Education Requirement:  Degree in Geology, with additional training in Modeling Tools

Bonus if you have: a secret desire to be a 3D game character artist

Salary Range:  $80k-120k per year



Non-Stem Roles


A lab technician with a mining emphasis will oversee the handling of samples taken from the mines to ensure they’re properly prepared for analysis.  This person gets to play with spectrophotometers, drying ovens, pulverizers, splitters, and all sorts of other analytical instruments.  Specifically their work focuses on testing samples for various properties to help inform the operation in real-time.  Expect to work on-site, and expect a bit of pressure from the process engineers waiting on your results to determine their next move.

Education Requirement:  High School Diploma Required;  Degree in Chemistry, Biology, or other science preferred

Bonus if you have: a love of pouring things from one beaker into another while laughing like a villian

Salary Range:  $50k-80k per year




If the mining equipment maintenance group is a toolkit, then the  welder is the swiss army knife.  Understandably, mines are tough on equipment, and a welder is always on standby to perform repairs.  Once in a while these welders harness the raw power of blazing fire through their mighty tools. Otherwise they are expected to maintain equipment and inspect the work of other welders for quality.

Education Requirement:  High School Diploma or GED

Bonus if you have: pyromania

Salary Range:  $30k-60k per year




A millwright is the mechanic who installs, maintains, and repairs all industrial machinery in the mine.  Specifically they service everything from hydraulics, to pneumatics, to drilling systems.  This job can be very different depending on whether or not it’s performed within a unionized environment.

Education Requirement:  High School Diploma or GED, with various heavy equipment certifications

Bonus if you have: no fear of heights

Salary Range:  $50k-80k per year



The two main categories of sales are Inside and Outside, which in the case of a mining equipment salesman are literal descriptions of the workplace options.  An Inside Sales Rep will spend most of their time on the phone, serving as a technical consultant with Process Engineers trying to determine who to outfit their mines with the right tools.  An Outside Sales Rep will do the same, but while wearing a hardhat on-site.  Both require an in-depth understanding of the customers’ applications and needs, and the ability to communicate with everyone in the sales cycle – from Engineers to Purchasing Manager. Mining equipment is very expensive, which means potentially huge commissions.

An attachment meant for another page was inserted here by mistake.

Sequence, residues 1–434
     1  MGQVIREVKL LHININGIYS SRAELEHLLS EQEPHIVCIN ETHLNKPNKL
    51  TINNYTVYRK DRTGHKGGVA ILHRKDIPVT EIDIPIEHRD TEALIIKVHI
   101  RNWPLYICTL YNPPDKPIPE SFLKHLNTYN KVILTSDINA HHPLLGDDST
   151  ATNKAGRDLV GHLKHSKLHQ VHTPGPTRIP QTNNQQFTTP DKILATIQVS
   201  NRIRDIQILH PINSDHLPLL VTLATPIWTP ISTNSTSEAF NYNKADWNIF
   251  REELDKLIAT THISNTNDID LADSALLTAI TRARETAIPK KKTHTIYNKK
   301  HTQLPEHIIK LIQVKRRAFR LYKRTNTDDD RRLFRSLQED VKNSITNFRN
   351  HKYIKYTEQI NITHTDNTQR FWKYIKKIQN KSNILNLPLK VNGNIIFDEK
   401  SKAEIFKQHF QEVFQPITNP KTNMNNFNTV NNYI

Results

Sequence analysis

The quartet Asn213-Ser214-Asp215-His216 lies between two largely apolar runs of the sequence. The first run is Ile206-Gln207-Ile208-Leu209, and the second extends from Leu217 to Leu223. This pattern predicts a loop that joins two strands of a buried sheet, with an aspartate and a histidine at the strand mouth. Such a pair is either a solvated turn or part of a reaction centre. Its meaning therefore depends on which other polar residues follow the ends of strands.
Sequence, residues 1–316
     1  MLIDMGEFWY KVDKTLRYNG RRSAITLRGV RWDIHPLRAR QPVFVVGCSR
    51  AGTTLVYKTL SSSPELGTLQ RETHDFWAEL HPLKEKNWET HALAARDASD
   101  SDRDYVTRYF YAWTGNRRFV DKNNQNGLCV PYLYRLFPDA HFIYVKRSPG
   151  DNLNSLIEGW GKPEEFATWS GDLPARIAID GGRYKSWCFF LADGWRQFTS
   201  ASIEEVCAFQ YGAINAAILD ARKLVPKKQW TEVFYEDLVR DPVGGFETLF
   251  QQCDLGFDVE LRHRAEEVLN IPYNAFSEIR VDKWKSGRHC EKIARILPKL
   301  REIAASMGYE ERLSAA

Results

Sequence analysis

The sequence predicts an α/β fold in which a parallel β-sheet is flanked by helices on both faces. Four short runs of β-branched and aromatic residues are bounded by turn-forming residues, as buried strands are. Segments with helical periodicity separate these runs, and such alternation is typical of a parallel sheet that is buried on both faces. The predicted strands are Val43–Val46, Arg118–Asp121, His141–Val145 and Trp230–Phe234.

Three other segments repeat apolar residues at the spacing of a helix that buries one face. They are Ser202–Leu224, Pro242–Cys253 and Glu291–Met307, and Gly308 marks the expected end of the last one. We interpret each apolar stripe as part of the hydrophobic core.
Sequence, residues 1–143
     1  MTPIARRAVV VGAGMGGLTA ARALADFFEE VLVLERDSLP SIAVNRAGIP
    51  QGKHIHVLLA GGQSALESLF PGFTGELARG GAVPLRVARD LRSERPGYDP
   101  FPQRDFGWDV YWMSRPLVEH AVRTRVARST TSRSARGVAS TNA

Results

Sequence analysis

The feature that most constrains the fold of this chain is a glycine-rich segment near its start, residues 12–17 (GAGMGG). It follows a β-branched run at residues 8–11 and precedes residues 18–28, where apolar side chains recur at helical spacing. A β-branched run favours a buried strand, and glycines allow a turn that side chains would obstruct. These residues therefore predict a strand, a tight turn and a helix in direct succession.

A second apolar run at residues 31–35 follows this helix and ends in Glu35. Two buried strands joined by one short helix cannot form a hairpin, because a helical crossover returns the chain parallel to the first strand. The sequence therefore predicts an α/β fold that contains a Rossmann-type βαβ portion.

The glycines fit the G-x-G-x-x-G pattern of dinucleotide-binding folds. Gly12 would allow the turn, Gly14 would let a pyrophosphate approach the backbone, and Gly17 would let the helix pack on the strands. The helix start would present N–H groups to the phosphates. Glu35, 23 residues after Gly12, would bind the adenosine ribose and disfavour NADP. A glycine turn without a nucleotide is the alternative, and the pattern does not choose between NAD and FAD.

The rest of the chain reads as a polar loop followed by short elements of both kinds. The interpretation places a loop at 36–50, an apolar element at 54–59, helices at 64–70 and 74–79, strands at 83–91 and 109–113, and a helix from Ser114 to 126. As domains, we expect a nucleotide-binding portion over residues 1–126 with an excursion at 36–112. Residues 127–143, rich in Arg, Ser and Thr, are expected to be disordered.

Education Requirement:  High School Diploma required, Bachelor’s Degree preferred

Bonus if you have: a winning smile

Salary Range:  $50k-150k per year (based on success and commission structure)



A survey technician will collect geotechnical data for use by Engineers, and will produce plans for use by the technical team.  Additionally, this will require a high degree of organization and computer literacy, as the surveyor must use CAD tools and make analytical calculations.  However, all of this pales in comparison to the most exciting part of the job – getting to design dynamite blast patterns!  Who doesn’t like explosions?

Education Requirement:  High School Diploma or GED; Surveying certification

Bonus if you have: a soul with the perfect balance of order and chaos

Salary Range:  $30k-80k per year


In conclusion, the opportunities to work within the mining sector are vast. A great first step is researching each discipline to determine which area interests you the most. From there, you can explore the opportunities available in your region as well as the education requirements and salary expectations.